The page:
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Although testing can determine the correctness of software under the assumption of some specific hypotheses (see hierarchy of testing difficulty below), testing cannot identify all the defects within software.[2] Instead, it furnishes a criticism or comparison that compares the state and behavior of the product against oracles—principles or mechanisms by which someone might recognize a problem. These oracles may include (but are not limited to) specifications, contracts,[3] comparable products, past versions of the same product, inferences about intended or expected purpose, user or customer expectations, relevant standards, applicable laws, or other criteria.

A primary purpose of testing is to detect software failures so that defects may be discovered and corrected. Testing cannot establish that a product functions properly under all conditions but can establish only that it does not function properly under specific conditions.[4] The scope of software testing often includes examination of code as well as execution of that code in various environments and conditions as well as examining the aspects of code: does it do what it is supposed to do and do what it needs to do. In the current culture of software development, a testing organization may be separate from the development team. There are various roles for testing team members. Information derived from software testing may be used to correct the process by which software is developed.[5]

Every software product has a target audience. For example, the audience for video game software is completely different from banking software. Therefore, when an organization develops or otherwise invests in a software product, it can assess whether the software product will be acceptable to its end users, its target audience, its purchasers and other stakeholders. Software testing is the process of attempting to make this assessment.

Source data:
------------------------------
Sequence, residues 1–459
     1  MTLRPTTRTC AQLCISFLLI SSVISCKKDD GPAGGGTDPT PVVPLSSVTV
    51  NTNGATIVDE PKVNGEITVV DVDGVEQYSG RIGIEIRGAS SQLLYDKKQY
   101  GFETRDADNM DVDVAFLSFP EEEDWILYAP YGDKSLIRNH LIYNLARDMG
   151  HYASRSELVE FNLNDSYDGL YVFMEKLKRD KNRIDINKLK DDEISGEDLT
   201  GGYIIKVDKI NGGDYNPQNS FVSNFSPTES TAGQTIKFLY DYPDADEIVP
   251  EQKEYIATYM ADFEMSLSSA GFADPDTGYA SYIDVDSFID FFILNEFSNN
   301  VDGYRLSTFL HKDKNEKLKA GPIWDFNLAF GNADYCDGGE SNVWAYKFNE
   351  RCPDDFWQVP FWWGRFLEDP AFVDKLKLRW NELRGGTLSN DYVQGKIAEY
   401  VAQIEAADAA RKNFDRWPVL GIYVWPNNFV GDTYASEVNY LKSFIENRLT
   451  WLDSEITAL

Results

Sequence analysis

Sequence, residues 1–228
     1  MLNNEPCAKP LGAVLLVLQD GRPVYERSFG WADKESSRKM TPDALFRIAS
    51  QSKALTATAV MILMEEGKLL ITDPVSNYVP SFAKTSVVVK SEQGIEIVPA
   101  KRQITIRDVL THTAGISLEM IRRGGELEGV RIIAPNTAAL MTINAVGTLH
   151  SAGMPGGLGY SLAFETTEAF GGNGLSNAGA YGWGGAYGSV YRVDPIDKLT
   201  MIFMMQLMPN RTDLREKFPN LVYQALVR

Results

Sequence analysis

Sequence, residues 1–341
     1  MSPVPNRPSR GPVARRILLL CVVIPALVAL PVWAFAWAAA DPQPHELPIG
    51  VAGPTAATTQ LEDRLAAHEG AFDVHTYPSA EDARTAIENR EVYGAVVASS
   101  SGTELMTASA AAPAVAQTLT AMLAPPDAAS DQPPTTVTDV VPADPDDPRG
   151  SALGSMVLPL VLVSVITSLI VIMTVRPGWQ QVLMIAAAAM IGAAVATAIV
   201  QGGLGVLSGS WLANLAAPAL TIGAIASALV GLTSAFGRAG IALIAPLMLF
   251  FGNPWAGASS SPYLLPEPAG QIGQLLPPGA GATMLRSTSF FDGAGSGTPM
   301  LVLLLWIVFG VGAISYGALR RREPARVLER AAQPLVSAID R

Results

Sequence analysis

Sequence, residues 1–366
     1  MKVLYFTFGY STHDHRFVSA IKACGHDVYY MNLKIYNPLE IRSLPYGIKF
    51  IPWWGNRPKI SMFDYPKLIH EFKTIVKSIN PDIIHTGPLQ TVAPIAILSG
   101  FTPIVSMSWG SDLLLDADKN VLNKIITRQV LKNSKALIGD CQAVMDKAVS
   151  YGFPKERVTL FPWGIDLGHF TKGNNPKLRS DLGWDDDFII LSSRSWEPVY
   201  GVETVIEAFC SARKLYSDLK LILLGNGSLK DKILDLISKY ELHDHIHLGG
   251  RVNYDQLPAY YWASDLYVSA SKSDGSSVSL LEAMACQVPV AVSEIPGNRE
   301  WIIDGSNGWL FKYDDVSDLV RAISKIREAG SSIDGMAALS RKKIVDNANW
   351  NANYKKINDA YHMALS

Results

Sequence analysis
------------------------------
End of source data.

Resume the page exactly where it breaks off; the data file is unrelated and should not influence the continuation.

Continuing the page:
Defects and failures

Not all software defects are caused by coding errors. One common source of expensive defects is requirement gaps, e.g., unrecognized requirements which result in errors of omission by the program designer.[6] Requirement gaps can often be non-functional requirements such as testability, scalability, maintainability, usability, performance, and security.

Software faults occur through the following processes. A programmer makes an error (mistake), which results in a defect (fault, bug) in the software source code. If this defect is executed, in certain situations the system will produce wrong results, causing a failure.[7] Not all defects will necessarily result in failures. For example, defects in dead code will never result in failures. A defect can turn into a failure when the environment is changed. Examples of these changes in environment include the software being run on a new computer hardware platform, alterations in source data, or interacting with different software.[7] A single defect may result in a wide range of failure symptoms.

Input combinations and preconditions

A fundamental problem with software testing is that testing under all combinations of inputs and preconditions (initial state) is not feasible, even with a simple product.[4]:17–18[8] This means that the number of defects in a software product can be very large and defects that occur infrequently are difficult to find in testing. More significantly, non-functional dimensions of quality (how it is supposed to be versus what it is supposed to do)—usability, scalability, performance, compatibility, reliability—can be highly subjective; something that constitutes sufficient value to one person may be intolerable to another.

Software developers can't test everything, but they can use combinatorial test design to identify the minimum number of tests needed to get the coverage they want. Combinatorial test design enables users to get greater test coverage with fewer tests. Whether they are looking for speed or test depth, they can use combinatorial test design methods to build structured variation into their test cases.[9]

Economics

A study conducted by NIST in 2002 reports that software bugs cost the U.S. economy $59.5 billion annually. More than a third of this cost could be avoided if better software testing was performed.[10][dubious ]

Outsourcing software testing because of costs is very common, with China, the Philippines and India being preferred destinations.[11]

It is commonly believed that the earlier a defect is found, the cheaper it is to fix it. The following table shows the cost of fixing the defect depending on the stage it was found.[12] For example, if a problem in the requirements is found only post-release, then it would cost 10–100 times more to fix than if it had already been found by the requirements review. With the advent of modern continuous deployment practices and cloud-based services, the cost of re-deployment and maintenance may lessen over time.

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Text is available under the Creative Commons Attribution-ShareAlike License